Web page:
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- With a $5 M cap hit, Sergei Gonchar is one of the most expensive d-men in franchise history. The only ones higher are P.K. Subban ($9 M), Andrei Markov ($5.75 M), Mathieu Schneider ($5.75 M), and Roman Hamrlik ($5.5 M).
THE HABS ARE BACK! LES HABS SONT LA!
Now that the dreadful lockout is over, the Canadiens start this shortened season at home against their long time Canadian rivals the Toronto Maple Leafs. Both teams have recovered from terrible 2011-12 seasons and gone through several changes in the off season, and the time between the end of the lockout and today. Montreal's new GM Marc Bergevin has been diligent in architecting his new team. His counterpart Dave Nonis inherited his new title this week, but has served as the assistant GM for around 4 seasons. Both teams have new or relatively new coaches in Michel Therrien, and Randy Carlyle. Habs newcomers up front include free agents Brandon Prust and Colby Armstrong, and on the back end Francis Bouillon has returned to his native Montreal. Rookie centre Alex Galchenyuk has made the pro squad, and he's expected to start as a winger on the second lines, between Tomas Plekanec and Brian Gionta. Rookie forward Brendan Gallagher will also get a chance to prove his worthiness.
Since Montreal rarely has a time where they are without controversy, the contract status of P.K. Subban fills that niche. RFA Subban is still in limbo, and neither side appears to have budged on their negotiating positions. Subban's camp is reportedly looking for a long term contract with a top salary representing a #1 defenceman. The Habs are rumoured to be looking for a shorter term "bridge" contract at a lower salary, much like the way the team has treated young stars like Max Pacioretty and Carey Price recently. Will the team's defensive squad adapt without their #1 blueline presence from last season? Veterans Andrei Markov, Josh Gorges, Francis Bouillon and Tomas Kaberle will be leaned on heavily, along with youngsters Alexei Emelin, Yannick Weber and Raphael Diaz.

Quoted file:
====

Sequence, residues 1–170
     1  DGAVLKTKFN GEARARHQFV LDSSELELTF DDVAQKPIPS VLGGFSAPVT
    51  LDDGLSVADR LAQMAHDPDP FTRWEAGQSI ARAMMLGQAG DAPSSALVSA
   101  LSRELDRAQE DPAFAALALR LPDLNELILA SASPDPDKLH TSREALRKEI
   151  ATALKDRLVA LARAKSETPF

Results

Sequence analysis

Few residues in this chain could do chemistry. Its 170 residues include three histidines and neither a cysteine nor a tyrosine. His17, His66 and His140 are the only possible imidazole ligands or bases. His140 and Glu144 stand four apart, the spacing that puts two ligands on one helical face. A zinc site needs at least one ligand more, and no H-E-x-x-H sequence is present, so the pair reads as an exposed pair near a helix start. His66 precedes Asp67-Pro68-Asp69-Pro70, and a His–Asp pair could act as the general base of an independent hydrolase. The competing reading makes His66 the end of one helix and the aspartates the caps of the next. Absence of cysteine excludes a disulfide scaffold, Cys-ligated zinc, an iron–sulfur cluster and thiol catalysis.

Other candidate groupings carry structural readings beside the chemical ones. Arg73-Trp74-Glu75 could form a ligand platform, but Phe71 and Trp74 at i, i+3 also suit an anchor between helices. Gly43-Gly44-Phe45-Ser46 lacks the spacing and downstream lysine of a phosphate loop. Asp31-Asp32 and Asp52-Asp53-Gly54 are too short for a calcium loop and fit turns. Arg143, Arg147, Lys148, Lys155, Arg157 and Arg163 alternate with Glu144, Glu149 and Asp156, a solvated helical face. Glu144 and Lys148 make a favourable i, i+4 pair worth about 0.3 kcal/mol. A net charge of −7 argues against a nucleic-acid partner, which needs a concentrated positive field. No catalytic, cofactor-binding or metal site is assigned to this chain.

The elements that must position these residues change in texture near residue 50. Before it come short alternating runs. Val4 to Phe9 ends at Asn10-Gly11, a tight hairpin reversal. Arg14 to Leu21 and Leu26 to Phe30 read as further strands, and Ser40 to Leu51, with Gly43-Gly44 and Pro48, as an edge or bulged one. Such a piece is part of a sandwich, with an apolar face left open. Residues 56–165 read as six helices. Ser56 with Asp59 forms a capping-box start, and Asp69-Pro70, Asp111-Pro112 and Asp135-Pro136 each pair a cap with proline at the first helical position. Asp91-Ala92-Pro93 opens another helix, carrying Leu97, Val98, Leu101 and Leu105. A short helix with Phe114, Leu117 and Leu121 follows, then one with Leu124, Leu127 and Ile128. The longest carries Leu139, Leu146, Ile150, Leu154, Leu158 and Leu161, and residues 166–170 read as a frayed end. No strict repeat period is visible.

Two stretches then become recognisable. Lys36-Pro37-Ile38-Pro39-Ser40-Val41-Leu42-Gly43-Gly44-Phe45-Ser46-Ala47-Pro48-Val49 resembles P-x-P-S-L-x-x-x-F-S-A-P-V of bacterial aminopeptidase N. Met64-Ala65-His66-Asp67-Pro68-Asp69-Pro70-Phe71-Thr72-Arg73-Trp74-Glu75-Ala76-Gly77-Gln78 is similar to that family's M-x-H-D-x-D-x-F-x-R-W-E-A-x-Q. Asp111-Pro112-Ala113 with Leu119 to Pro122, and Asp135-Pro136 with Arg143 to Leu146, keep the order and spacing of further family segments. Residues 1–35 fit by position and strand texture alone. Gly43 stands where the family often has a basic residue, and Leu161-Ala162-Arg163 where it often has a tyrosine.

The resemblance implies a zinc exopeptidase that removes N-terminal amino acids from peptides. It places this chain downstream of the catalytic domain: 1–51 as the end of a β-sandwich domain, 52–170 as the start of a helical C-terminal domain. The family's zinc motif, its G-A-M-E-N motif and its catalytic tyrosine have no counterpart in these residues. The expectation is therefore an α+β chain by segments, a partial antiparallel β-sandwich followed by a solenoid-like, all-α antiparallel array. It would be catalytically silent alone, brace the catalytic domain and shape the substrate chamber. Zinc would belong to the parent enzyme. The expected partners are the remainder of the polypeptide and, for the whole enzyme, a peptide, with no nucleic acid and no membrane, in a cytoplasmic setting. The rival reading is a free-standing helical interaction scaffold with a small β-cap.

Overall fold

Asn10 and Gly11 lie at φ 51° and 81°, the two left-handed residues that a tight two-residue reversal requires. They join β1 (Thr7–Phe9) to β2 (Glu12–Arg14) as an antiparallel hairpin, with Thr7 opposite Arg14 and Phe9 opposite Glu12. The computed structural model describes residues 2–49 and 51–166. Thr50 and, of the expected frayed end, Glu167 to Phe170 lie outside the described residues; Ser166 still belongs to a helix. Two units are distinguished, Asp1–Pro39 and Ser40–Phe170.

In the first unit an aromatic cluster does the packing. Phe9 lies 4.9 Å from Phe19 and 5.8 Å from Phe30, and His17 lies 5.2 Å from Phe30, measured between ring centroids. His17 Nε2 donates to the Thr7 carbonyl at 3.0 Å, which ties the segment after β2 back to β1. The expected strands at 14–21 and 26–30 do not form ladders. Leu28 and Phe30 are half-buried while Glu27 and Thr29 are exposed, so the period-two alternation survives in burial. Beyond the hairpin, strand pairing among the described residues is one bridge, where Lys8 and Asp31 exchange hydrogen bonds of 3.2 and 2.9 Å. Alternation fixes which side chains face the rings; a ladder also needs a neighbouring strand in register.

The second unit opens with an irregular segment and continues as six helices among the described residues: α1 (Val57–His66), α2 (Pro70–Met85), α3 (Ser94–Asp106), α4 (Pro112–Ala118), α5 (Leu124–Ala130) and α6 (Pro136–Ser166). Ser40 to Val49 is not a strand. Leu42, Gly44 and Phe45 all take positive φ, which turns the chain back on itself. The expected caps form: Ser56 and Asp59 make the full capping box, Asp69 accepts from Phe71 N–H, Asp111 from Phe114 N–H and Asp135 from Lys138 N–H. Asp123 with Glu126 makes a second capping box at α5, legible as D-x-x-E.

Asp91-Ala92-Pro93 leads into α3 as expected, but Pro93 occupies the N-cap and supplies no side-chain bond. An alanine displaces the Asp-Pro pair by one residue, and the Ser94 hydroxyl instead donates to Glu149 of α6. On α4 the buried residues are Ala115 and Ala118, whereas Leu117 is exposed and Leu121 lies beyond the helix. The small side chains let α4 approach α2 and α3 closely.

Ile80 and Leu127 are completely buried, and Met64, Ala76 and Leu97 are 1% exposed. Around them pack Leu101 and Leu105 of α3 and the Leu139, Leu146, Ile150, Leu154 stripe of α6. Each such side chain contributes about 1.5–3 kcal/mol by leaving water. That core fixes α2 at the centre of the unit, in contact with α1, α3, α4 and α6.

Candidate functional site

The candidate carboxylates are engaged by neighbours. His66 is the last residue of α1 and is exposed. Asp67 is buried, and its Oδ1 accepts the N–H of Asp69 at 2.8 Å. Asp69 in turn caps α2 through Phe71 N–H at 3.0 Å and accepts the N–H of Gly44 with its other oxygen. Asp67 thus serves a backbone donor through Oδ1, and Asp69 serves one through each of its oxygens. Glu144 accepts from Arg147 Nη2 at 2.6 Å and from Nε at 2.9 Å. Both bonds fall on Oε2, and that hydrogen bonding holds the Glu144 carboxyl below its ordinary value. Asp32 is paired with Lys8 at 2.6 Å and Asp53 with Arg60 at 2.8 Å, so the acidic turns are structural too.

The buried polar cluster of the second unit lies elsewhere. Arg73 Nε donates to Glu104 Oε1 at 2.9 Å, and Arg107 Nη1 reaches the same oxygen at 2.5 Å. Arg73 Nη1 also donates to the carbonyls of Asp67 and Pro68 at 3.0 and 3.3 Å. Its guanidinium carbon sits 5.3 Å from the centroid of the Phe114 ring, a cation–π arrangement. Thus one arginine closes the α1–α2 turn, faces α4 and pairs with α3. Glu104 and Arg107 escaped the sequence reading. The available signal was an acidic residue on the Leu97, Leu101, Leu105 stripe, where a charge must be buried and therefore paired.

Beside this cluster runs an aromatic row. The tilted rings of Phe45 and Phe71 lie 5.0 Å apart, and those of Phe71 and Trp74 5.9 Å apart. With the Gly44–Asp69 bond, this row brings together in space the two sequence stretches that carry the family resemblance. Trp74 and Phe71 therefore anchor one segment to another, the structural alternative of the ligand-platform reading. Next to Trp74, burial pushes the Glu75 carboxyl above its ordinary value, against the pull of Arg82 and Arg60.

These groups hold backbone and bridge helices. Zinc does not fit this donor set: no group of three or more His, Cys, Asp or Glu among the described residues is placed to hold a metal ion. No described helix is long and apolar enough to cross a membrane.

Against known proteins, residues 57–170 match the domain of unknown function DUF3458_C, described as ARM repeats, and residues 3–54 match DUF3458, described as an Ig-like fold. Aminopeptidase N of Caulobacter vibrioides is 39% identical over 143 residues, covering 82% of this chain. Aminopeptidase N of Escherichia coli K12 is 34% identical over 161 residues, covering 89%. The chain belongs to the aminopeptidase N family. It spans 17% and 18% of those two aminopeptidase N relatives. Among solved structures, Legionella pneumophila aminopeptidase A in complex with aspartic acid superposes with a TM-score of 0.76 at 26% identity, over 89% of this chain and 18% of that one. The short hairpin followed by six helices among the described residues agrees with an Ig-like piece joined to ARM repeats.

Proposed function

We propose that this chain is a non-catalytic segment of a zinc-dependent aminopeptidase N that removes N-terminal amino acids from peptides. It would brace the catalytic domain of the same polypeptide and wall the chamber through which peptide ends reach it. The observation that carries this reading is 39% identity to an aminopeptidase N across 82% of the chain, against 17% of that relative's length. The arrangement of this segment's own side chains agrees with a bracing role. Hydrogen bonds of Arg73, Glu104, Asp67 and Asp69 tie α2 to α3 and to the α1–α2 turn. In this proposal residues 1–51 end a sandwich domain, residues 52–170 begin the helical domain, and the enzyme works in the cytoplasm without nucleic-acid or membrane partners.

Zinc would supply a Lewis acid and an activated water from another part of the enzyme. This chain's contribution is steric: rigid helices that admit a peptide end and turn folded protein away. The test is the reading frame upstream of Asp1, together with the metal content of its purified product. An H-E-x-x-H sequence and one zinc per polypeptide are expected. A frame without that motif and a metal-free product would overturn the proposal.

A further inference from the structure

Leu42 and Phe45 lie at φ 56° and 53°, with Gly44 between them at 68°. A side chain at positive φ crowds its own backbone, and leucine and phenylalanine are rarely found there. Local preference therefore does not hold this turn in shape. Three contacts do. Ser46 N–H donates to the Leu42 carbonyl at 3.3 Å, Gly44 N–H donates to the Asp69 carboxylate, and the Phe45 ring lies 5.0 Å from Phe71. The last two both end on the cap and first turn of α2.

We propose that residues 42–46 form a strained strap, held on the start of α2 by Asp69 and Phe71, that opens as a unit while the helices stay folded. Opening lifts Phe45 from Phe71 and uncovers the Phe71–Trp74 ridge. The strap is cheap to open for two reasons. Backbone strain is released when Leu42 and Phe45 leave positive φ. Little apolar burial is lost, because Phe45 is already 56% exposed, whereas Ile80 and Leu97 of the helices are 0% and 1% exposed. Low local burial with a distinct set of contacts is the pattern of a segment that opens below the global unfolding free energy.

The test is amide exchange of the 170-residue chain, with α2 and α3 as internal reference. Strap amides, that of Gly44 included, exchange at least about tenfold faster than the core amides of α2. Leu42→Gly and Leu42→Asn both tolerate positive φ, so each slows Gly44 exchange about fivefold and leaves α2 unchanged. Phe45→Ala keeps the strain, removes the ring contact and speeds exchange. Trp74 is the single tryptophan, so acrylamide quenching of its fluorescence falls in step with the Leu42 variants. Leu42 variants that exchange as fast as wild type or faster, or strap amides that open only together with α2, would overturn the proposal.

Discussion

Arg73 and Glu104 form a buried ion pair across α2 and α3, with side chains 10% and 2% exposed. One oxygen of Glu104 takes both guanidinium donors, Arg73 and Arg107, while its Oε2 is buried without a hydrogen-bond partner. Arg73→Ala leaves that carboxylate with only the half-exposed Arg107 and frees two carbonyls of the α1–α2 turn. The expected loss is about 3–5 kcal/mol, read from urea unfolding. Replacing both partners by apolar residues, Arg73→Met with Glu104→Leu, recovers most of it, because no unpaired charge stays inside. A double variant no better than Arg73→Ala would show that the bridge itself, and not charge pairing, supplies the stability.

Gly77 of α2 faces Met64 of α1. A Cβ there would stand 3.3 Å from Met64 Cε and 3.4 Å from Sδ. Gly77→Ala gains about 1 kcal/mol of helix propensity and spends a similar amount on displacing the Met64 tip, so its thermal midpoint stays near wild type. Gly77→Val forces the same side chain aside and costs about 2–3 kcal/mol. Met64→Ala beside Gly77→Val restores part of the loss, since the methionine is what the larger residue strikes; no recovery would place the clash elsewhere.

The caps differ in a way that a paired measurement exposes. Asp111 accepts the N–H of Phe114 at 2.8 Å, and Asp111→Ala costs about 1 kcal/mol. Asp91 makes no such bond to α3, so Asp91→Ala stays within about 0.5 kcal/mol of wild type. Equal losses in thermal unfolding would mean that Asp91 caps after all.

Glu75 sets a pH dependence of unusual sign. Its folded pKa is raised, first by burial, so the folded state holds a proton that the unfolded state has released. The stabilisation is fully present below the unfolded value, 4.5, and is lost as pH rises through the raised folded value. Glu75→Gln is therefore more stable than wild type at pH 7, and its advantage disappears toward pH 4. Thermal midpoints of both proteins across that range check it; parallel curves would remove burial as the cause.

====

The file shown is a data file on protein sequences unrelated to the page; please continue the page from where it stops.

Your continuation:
Keys To A Habs Victory:
1. Coaching How well will the team adapt to new coach Therrien's strategies, motivations, break out patterns and hockey philosophies?
2. Home Ice Advantage The Habs were one of the worst home teams in the league last season, which is unacceptable in one of the loudest and most exciting arenas in the league. When the team plays well, the crowd responds well and the players feed off that in the best way. The old cliche about the crowd being the 6th player on the ice is more fact than fiction in Montreal. Of course when the team plays badly, they hear it from the crowd.
3. Truculence This season's version of the Habs has more energy, size, and toughness up front with Prust and Armstrong. A healthy Travis Moen will help greatly on the bottom two lines, as could Michael Blunden. The Habs were often pushed around last season by many other team, so having players willing to dish it back regularly will help the team's success.
4. Health There was some concern in training camp when Tomas Plekanec reported with sore ribs based on an injury from playing in Europe. Carey Price took a "therapy" day yesterday which naturally raised some questions about his readiness for tonight's game. Players coming back from injuries and surgeries include Andrei Markov, Brian Gionta, Rene Bourque, and Travis Moen. Fans will be watching these players closely to ensure they have returned to their playing shape.
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